No panic in Arizona bullpen

Arizona Daily Sun
June 17, 2002

PHOENIX — He’s commonly called Mo-Man by his Arizona teammates. You could also call pitcher Mike Morgan the sage of the Snakes.

Having been in the big leagues since 1978 — a week after graduating from Valley High School in Las Vegas — Morgan has seen his share of ups and downs. He’s pitched in 593 games and played for a record 12 big-league clubs. And he’s gained plenty of insight and wisdom about not getting too ecstatic or too depressed during the course of a 162-game season.

“What we do for a living is a marathon,” he said. “It’s a marathon, not a sprint.”

According to Morgan, the Diamondbacks, who start a three-game interleague series against the Baltimore Orioles tonight at Bank One Ballpark with a one-game lead over the Dodgers, are doing just fine and there’s no reason to panic about a bullpen that has been shaky at times.

“Our starters are going to go through a tough stretch,” Morgan said. “They’re human. Our hitters are going to go through a stretch. Our defense has gone through bad stretches. And our bullpen is going to go through stretches.

“Then again, with all of that, we are still in first. We are not going to dwell on it. … and we are ahead of schedule from what this club did last year.”

Morgan has appeared in 25 games this season, all in relief, posting a 1-1 record and a 5.34 ERA. He’s allowed 34 hits in 28 2/3 innings, walking six and striking out 10.

As the oldest player on the team, Morgan understands the impact veterans have for a ballclub.

“For the young guys that are 21-, 22- 23-year-olds, we as veterans have a job to do, too, to plant a seed, because we were there before (the young guys),” Morgan said.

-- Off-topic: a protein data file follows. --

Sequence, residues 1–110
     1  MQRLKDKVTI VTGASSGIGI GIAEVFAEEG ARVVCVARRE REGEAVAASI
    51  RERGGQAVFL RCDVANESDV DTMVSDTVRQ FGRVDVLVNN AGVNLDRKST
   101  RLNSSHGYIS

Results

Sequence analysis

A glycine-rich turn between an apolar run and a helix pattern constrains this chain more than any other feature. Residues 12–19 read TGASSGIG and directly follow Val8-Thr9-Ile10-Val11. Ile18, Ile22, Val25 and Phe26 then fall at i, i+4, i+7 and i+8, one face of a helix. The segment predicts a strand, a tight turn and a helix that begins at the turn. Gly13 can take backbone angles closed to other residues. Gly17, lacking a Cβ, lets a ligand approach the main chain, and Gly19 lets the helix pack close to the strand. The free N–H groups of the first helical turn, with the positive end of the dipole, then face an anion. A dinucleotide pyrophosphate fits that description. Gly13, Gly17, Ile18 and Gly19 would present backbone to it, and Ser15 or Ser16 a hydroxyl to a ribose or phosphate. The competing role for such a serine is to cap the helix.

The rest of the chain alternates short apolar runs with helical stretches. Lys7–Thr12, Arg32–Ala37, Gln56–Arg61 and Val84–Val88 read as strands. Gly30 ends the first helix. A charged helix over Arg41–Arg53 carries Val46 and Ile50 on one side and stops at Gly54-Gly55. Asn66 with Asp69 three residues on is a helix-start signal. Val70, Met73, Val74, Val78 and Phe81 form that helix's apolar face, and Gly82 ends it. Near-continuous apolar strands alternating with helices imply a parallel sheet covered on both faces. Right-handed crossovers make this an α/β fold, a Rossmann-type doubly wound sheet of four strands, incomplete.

“It’s a mental game. You’ve already got the physical part of it down, and with the mental part of it down, you have adjustments to make.

“There are going to be some tough roads for the Bret Prinzes, and the (Duaner) Sanchezes, the (Mike) Koploves and the (Byung-Hyun) Kims. We have tough roads, too.”

Asked how long he’d like to remain in the big leagues, Morgan responded by saying, “It’s day to day. I’m a day-to-day guy. I’d like to go on forever, but there’s no such thing as forever.

“I definitely want to play one more year,” he continued. “Twenty-five full years. I’m definitely on a mission to play at least one more for sure.”

Morgan was primarily used as a starter throughout his career, and he made 25 starts for the Texas Rangers in 1999. Since joining the D-backs in 2000, he’s pitched in 116 games and made just four starts.

Regardless of the situation, Morgan said he has a job to do out there on the pitching mound.

“I know what I can still bring to the table, and I’m still good at what I do: start, setup, long, close, nothing protocol,” said Morgan, who has held opponents to a .160 average over the past 19 days (4-for-25).

“I’m a guy they can use as a starter, middle man, closer, a get-out-of-a-jam guy. When the manager puts you out there, you have a job to do.”

Never blessed with jaw-dropping velocity, Morgan marvels at the exploits of up-and-coming hurlers like Sanchez, who made his big-league debut in Friday’s game.

“Me being 42, my stuff was never like that when I was 22,” Morgan said. “I never got a chance to throw 95 mph. The hardest I’ve ever thrown, maybe I hit 89 1/4 once, maybe 90 1/4 with the wind behind me.”

Maybe so, but few pros have stuck around for 24 seasons … and counting.